Kashmir in Los Angeles


Incorporate the good from other cultures and hold on to your roots. Change is inevitable but change for good. Become a blend of past and present so people will love and respect you for who you were and what you have become.” 

Last weekend was quite a fun ride for Kashmiris of Los Angeles. For the first time, we had a Kashmiri music concert here held on April 26th. Three singers from Kashmir—Bilal Ahmad, Irfan Nabi and Mehmeet Syed—burnt the stage down with their talent and  brought Kashmir to USA by their performance and presence. They were joined here by two extremely talented artists, Habib Wardak , an Afghan-American and George Lawler, an American from Chicago.

All of us were pretty excited about the event, but no one knew that it would be such an amazing experience. It was something I will remember and cherish for all times to come. I have been to many concerts and have watched world famous artists perform, but never have I seen the crowd so emotionally charged. They gave a mind blowing performance, which created a storm of emotions among the audience—some cried, some cheered while others joined them in their musical extravaganza with our traditional dance, Rouf. Four hours flew by like four minutes; the beat of their instruments and their melodious voices left everyone speechless. Most of the audience said that their magic took them back in time, which they cherish in their heart. Kashmir was everywhere in that room. They made us relive our childhood, reminded us of those little things that we all left behind in our beloved Kashmir many, many years ago. We thank them for that.

I can’t get over the song, “Yaar shube mubarak”. It keeps resonating in my mind. I even recorded it on my phone and keep hearing it over and over again. I feel these artists left too soon, as if we were not done. Our hearts wanted more and wanted the time to stop. To create such an extraordinary aura is not easy and can be done by only people who are truly gifted.

Irfan and Bilal sing traditional Kashmiri songs in a modern style, which is very appealing to the young crowd. Bilal plays harmonium, flute and tumbakh. Irfan plays guitar, and rhabab. Mahmeet is a popular vocalist from Kashmir and has performed in many music videos. Habib is a rhababist who mesmerized the audience with his talent. Habib travelled all the way to Kashmir to revive rhabab there. George Lawler is a well-known percussionist in USA and played tumbakk, providing a jaw-dropping performance. It was a perfect fusion of East and West.

All this was made possible by a wonderful women named Asmat Ashai. Many years back she realized that Kashmiri music, art and language were dying. She has dedicated herself to preserving and promoting the folk art, music, and language of the Valley of Kashmir. She runs an organization called Funkar International. I can’t thank her enough for making it possible for me to be a part of such a heartwarming experience and I along with many other Kashmiri Americans will cherish it for all times to come.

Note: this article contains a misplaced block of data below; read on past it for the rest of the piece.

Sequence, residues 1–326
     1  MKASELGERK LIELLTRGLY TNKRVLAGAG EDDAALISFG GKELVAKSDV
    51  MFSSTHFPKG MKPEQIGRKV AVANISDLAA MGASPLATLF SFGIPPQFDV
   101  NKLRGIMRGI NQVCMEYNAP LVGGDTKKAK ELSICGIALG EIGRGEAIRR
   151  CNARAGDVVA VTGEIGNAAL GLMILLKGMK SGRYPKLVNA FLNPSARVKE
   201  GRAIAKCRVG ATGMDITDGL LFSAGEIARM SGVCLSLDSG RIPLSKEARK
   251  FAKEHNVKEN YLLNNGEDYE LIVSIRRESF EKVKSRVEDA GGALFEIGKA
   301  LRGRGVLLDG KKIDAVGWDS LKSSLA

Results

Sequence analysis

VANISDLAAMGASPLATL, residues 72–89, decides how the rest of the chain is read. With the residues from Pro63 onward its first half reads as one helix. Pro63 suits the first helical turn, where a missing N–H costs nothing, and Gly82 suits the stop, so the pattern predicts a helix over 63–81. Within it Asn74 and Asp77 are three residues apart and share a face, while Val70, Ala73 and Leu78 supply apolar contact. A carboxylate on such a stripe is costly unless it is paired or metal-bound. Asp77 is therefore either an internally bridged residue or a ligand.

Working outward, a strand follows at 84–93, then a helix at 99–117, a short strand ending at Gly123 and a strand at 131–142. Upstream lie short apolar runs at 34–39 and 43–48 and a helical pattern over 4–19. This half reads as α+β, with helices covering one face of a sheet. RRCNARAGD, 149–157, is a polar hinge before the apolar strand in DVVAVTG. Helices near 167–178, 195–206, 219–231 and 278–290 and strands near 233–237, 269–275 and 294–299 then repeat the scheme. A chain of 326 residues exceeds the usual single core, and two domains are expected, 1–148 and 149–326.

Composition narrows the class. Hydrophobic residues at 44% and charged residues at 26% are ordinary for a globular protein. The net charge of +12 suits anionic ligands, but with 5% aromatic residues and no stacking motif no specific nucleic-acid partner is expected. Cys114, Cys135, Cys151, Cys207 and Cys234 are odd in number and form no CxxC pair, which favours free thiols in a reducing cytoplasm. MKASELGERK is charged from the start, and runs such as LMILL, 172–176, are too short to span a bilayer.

I cannot wait for these wonderful, talented young artist to come here again and recreate this magical experience for us. These artists are truly amazing and loaded with talent. My article doesn’t do justice to them; their talent is beyond words and comes at a time we need it the most. I wish them luck and I know they will spread joy and cheer wherever they go. I am sure they will inspire many youngsters in Kashmir.

We need more people like them and Asmat Ashai. Our culture is a very unique one and it is our responsibility to preserve it for our future generations. Internet and social media has made this world a small place. It has benefited us in million ways, but our culture is getting diluted. Kashmiri language is slowly seeing its last days. When I was young, my father once told me, “Incorporate the good from other cultures and hold on to your roots. Change is inevitable but change for good. Become a blend of past and present so people will love and respect you for who you were and what you have become.” 

What makes Kashmir different–its people, culture, language, music, food (Wazwan), things (like Kanger, Pheran, etc.) and so on. There are many more things that are exclusive to Kashmir. It is these little things that combine together to make us who we are. They slowly shape and define us.

Our job is to make sure that our children feel proud of their roots and incorporate those in them. I truly believe artists like Mahmeet, Bilal, Irfan and Habib will regenerate interest and inspire Kashmiri youth towards Kashmiri culture, art and language. I saw it last weekend when second generation Kashmiri kids in USA gave a standing ovation to these brilliant artists. They loved it and want them back as much as I do.


About Humairah Shah

I am a dentist by profession and I live in California. I am the author of the book, Sam and the Sugar Bug, Leila's First Visit to the Dentist, Leila and the Tooth Fairy, Funny Teeth and Bunny Ears and Boogers, Boogers.
This entry was posted in Articles. Bookmark the permalink.

Leave a Reply

Fill in your details below or click an icon to log in:

WordPress.com Logo

You are commenting using your WordPress.com account. Log Out /  Change )

Google+ photo

You are commenting using your Google+ account. Log Out /  Change )

Twitter picture

You are commenting using your Twitter account. Log Out /  Change )

Facebook photo

You are commenting using your Facebook account. Log Out /  Change )


Connecting to %s